Armies Battles and Sieges Colours and Standards








Örjan Martinsson

Swedish Infantry Colour Sheets

Livgardet's m/1686 colour

This page contains a collection of colour sheets intended to be used for Prince August's miniature figures (40 mm scale). These are free to be used by everyone, just click on the images and then print out the sheets.

Guard Colours

The Guard (Livgardet) was an enlisted regiment based in Stockholm which at the outbreak of the Great Northern War consisted of 1 800 men distributed to 12 companies which had one colour each. It was then gradually expanded to reach 2 600 men in 24 companies in 1704 (six of these were however grenadier companies which did not carry colours).

The colour sheet to the left is the Guard's company colour m/1686. The two colour sheets to the right are my reconstructions of the Guard's colonel's colour (Swedish coat of arms instead of the royal cypher) which was carried by the Colonel's Company and the special grenadier colours which were issued in 1702 but carried until the battle of Poltava by three regular companies. The grenadier colours were said to have included flaming grenades in the corners but just like the colonel's colour there are no preserved image of them.

Provincial Regiments' and Småland 3-männings' colours

A typical Swedish infantry regiment consisted of 1 200 men in eight companies. Of the provincial regiments it was only Närke-Värmland which had more than eight companies (1 674 men in ten companies). Each company had their own colour which had the same appearance as the other companies in the regiment (except the Colonel's Company) and followed the regulation of 1686, hence called m/1686 colour. The Colonels Company distinguished itself by having a white colour featuring the Swedish coat of arms in the centre and the regimental symbol in the upper inner corner. The regimental symbol was in most cases the coat of arms of the province in which the regiment was recruited in. The exceptions were Jönköping and Älvsborg regiments which instead had the coat of arms of the cities Jönköping and Gothenburg. The regular companies' colours had the regimental symbol inside a laurel wreath. Some variations existed when more than one regiment was recruited in the same province or when the provincial coat of arms had a black or white field.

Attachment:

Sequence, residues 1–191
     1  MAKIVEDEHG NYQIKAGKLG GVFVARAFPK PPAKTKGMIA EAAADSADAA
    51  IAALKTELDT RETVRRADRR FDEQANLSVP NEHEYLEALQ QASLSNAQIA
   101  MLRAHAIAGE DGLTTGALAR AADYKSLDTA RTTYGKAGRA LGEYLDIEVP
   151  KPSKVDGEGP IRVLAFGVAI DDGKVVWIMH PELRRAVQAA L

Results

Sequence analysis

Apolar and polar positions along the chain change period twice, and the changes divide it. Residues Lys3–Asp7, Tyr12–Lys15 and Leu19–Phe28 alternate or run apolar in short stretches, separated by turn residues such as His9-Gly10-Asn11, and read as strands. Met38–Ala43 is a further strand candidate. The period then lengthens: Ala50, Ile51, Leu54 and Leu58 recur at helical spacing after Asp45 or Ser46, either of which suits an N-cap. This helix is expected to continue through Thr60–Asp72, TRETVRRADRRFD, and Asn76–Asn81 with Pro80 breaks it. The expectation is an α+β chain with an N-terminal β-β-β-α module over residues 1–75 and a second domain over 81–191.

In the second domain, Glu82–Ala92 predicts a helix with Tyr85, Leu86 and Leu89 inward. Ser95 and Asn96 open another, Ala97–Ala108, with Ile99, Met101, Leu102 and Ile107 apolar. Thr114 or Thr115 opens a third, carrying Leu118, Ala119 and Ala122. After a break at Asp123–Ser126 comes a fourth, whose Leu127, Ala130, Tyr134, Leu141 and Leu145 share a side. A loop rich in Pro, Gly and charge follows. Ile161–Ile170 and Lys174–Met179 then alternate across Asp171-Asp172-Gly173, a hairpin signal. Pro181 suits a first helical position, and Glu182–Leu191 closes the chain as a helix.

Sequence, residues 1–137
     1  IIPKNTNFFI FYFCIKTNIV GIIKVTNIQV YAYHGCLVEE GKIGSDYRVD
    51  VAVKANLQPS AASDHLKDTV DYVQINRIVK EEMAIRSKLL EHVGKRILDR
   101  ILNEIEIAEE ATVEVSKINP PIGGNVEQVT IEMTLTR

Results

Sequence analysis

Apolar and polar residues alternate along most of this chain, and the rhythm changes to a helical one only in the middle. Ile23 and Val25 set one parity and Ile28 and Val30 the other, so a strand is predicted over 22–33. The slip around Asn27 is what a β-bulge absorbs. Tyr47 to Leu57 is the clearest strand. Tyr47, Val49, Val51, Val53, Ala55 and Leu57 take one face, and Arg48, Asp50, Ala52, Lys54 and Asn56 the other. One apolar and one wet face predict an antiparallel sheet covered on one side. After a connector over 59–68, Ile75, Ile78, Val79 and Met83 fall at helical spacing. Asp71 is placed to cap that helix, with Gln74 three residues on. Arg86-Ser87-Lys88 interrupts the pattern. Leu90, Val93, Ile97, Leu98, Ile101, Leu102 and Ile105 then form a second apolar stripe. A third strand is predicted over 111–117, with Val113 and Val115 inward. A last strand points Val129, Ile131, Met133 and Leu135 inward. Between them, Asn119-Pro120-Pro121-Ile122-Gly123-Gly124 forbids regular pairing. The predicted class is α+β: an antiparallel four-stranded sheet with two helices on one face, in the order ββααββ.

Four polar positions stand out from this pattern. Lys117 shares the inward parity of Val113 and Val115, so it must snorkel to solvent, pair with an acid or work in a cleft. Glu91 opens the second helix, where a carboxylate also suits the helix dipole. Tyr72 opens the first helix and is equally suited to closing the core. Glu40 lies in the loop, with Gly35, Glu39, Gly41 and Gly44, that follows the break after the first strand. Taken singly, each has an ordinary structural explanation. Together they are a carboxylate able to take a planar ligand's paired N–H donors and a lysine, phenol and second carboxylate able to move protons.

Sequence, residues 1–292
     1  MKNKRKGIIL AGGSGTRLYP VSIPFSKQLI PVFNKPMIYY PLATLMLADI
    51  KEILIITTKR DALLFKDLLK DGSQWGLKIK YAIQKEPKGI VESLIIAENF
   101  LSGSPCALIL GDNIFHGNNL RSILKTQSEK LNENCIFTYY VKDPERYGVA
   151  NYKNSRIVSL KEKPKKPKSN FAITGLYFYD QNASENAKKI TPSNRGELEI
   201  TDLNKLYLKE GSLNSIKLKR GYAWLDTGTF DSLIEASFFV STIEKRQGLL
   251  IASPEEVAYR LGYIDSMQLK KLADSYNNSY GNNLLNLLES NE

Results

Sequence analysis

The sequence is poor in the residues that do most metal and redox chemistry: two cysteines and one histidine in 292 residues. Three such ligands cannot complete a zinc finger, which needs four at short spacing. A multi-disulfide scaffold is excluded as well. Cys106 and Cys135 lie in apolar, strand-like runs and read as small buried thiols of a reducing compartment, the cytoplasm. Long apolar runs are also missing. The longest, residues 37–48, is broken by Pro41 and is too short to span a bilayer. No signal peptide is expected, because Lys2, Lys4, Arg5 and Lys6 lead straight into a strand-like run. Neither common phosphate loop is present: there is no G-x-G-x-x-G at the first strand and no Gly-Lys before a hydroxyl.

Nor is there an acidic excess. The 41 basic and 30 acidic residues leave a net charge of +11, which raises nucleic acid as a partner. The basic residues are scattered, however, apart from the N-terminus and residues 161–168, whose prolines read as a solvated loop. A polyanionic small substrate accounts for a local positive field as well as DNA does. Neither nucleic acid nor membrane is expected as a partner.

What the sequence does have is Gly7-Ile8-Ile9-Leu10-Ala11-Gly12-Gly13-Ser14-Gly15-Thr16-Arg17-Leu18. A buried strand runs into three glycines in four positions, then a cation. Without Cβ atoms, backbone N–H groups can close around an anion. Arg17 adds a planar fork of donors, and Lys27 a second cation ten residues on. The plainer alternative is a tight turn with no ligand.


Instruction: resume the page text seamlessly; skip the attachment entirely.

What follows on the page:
When the Great Northern War broke out there was a need for additional regiments. This was done by combining the "rotar" (responsible for the upkeep of one soldier) in groups of three to recruit an additional soldier, a so called 3-männing. This meant that an area which maintained a 1 200 men strong regiment had to recruit a further 400 men which were then combined with contingents from other regimental districts to create new full size regiments. These contingents carried colours with their parent regiment's symbol in the upper inner corner in an otherwise plain colour. An example of this is the colours of Småland 3-männing Regiment which carried one white (colonel's colour) and four yellow colours with the red crossbow carrying lion of Småland in the corner and three yellow colours with the coat of arms of the city of Jönköping.
























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